Joey's earliest memories were mostly "a confusion of hilly fields and dark, damp stables." But one thing he clearly remembered was the horse sale. "The terror of it stayed with me all of my life," he said.
No wonder. Joey was the one being sold.
That's how the popular 1982 book "War Horse" by children's author Michael Morpurgo begins. Told in Joey's voice, the story moves quickly from Devonshire in southwestern England, where the horse is lovingly raised on a farm by a boy named Albert, to the hideous battlefields of France in World War I after Joey is sold to the British army for use in the cavalry.
What happens to the horse and to Albert, who fibs his way into uniform to search for Joey, makes quite an adventure. With its strong and disturbing images, its lessons about friendship, bravery and loyalty, this saga was probably destined to be adapted for another medium. But the stage? Given the focus on a horse, surely a TV or movie prospect was more likely.
"War Horse" did eventually make it to the screen in a 2011 Stephen Spielberg film. But that was a few years after the book had been transformed, thanks to inspired use of puppetry, into one of the most successful stage works of our time.
The theatrical version of "War Horse," which will be hitched to the Hippodrome this week, packs an extraordinary visual punch. That helps to explain why the show has been running in London's West End since 2009 and also made an impact on Broadway, where it earned five Tony Awards, including Best Play, in 2011.
"War Horse" has been touring North America for a year and a half now. Another tour is taking place in the U.K. and Ireland. There have been productions in Berlin and Australia as well.
"No one here predicted it would be a hit," says Chris Harper, producer at Britain's National Theatre. "There was a lot of doubt about it. We started out figuring we'd get maybe 50 performances. But this has been our most successful show in our 50 years. Our new theater was paid for by the profits of 'War Horse' on Broadway."
This good fortune began when staffers at the company were looking around for a prospect to fill the slot of an annual family show. The mother of the National Theatre's then-associate director Tom Morris suggested that they read a children's book that had been published and largely forgotten 25 years earlier, a book called "War Horse."
"So we did," Harper says. "Then we called up Michael Morpurgo and said, 'Hello, can we adapt your book?' He said OK, but he wanted to know how we were going to do it. We told him, 'With puppets.' "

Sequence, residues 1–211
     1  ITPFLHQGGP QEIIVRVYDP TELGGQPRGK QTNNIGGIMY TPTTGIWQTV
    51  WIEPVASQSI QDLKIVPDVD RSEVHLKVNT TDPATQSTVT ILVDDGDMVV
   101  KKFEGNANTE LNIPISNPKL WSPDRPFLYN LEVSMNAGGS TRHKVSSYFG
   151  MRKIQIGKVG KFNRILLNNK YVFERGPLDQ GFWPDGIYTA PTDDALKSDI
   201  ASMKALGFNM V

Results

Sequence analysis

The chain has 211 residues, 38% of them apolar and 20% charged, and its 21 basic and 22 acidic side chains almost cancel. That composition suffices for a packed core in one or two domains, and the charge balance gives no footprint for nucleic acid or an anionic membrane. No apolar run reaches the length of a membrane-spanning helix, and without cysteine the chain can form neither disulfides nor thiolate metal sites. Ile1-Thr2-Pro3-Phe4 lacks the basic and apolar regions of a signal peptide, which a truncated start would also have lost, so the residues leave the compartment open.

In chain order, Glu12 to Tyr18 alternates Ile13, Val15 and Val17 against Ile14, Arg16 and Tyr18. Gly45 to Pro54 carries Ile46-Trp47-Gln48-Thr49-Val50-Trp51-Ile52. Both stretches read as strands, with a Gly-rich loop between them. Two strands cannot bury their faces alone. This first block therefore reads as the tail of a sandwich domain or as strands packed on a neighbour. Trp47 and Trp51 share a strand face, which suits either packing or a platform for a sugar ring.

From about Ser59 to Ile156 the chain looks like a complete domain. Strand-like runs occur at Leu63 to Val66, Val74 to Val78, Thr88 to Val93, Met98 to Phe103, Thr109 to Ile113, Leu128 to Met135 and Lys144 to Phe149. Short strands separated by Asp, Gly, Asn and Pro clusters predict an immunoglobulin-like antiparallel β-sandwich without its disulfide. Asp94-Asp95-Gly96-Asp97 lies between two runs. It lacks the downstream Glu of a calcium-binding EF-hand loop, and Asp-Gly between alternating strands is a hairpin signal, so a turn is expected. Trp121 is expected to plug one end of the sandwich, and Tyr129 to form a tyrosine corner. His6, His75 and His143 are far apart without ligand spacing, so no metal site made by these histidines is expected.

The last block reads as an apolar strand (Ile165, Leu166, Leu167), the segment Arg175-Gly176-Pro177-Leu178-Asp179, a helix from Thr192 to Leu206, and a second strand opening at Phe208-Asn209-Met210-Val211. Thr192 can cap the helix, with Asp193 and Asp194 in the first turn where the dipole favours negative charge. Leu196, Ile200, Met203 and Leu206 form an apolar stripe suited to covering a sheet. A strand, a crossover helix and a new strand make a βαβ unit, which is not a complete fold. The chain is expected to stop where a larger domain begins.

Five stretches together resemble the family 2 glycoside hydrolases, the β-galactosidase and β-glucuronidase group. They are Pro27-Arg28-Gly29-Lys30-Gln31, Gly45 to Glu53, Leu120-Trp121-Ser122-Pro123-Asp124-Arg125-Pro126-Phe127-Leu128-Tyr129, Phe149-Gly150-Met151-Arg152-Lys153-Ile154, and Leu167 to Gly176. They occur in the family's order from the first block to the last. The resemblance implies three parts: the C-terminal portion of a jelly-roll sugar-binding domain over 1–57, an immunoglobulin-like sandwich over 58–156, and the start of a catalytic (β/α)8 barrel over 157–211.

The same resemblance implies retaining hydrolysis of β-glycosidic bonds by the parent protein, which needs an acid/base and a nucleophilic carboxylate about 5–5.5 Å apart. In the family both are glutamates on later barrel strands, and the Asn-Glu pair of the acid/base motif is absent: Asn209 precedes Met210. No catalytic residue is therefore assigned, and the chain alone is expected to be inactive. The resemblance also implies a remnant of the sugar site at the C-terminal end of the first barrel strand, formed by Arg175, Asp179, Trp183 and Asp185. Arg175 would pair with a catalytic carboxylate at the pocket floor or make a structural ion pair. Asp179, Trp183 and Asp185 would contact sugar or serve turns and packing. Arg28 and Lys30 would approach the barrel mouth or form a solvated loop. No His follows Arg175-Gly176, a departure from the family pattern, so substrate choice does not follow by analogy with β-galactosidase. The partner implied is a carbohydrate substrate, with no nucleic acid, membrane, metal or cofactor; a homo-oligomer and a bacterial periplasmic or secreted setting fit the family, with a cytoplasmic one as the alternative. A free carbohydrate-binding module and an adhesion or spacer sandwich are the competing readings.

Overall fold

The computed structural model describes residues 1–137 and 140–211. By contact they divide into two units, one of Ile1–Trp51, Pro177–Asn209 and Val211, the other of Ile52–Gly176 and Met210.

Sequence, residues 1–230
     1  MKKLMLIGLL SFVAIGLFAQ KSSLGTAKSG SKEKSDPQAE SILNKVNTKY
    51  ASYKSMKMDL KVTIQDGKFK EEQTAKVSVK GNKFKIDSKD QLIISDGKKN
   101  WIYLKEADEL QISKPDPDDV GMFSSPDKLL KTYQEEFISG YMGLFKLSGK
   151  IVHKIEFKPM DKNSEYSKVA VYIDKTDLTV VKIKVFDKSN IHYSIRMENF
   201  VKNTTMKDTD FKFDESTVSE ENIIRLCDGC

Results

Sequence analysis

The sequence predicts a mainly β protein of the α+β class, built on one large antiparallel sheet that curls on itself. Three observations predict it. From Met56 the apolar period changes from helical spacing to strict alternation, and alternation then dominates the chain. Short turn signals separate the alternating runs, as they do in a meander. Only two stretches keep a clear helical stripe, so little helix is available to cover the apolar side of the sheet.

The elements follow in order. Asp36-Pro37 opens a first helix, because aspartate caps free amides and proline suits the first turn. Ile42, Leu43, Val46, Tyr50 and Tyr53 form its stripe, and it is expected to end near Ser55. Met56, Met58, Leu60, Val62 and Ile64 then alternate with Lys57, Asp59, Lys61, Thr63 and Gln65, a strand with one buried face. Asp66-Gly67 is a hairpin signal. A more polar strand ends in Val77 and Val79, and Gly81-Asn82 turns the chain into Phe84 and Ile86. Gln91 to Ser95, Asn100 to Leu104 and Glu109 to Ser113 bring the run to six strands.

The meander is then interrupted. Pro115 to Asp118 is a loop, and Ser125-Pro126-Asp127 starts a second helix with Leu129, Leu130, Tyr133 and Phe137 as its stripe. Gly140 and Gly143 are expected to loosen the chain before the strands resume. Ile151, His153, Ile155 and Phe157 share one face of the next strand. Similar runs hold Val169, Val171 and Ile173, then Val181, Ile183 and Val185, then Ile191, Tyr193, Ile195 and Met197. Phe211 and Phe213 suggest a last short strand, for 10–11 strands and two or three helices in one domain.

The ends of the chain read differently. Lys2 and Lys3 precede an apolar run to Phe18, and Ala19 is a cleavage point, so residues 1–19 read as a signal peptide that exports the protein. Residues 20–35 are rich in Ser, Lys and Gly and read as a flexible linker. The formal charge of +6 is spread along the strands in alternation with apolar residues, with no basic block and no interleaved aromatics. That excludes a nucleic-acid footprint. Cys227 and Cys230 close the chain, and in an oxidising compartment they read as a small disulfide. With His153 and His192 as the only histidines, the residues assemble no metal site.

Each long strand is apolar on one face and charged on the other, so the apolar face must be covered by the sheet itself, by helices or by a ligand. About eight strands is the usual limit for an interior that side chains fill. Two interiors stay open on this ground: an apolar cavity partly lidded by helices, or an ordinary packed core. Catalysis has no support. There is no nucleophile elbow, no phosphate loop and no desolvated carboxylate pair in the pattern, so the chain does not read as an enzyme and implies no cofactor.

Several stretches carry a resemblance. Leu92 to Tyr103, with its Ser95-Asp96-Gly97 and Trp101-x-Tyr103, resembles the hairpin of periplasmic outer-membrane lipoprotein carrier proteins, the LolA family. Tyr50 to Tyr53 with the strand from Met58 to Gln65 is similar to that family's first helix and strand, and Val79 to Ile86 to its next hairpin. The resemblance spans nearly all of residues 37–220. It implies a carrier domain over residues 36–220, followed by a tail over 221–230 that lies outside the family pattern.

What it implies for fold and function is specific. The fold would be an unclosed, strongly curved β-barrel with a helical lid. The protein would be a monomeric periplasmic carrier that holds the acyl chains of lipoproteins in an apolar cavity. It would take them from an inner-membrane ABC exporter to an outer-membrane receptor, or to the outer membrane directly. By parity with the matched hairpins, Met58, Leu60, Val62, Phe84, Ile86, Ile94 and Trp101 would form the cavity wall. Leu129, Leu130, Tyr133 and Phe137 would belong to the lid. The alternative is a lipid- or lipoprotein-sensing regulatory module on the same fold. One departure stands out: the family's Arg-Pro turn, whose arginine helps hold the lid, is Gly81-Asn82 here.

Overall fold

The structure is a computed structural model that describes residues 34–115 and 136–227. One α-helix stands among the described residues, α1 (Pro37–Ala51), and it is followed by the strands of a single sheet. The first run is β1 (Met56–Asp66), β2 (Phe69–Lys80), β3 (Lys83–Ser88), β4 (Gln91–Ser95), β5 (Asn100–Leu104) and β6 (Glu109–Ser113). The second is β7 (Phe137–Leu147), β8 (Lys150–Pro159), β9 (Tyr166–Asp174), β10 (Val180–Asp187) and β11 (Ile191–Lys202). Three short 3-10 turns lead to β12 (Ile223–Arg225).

That gave the author pause.
"Absurd, I thought," Morpurgo told the Telegraph, "but it's the National Theatre, for goodness sake. Maybe they know what they're doing."
The theater engaged the innovative Handspring Puppet Company, based in Cape Town, South Africa, to design life-size puppets for Joey and the other important equine character, Topthorn, a stallion who shares with Joey a troubled fate that includes capture by the Germans.
More layers were added to "War Horse" as the play, adapted by Nick Stafford, took shape; richly atmospheric music by John Tams and Adrian Sutton became a particularly crucial element. During the development process, which lasted more than two years, the creative team questioned everything.
"How can you have a hit where the lead character can't speak? You can do that in a book, obviously, but we didn't want it to look funny onstage," Harper says. "Would puppets hold an audience's attention?"
In the end, worries were swept aside. "War Horse" galloped into the spotlight, winning over the public and, largely, the press.
The production, directed by Morris and Marianne Elliott and designed by Rae Smith (they all received Tonys for their work, as did lighting and sound designers), manages to tell an epic story in a personal way that can pull in adults and young people alike.
As any boy-and-his-horse tale would do, this one deals with growing up, learning responsibility and the like. But the issue of war and its toll on humans and animals, not to mention values, gives the play a much deeper resonance. It's a story of life and, unflinchingly, of death.
Above all, like the original source material, this remains a horse-centric experience, and that's what seems to grab people more than anything.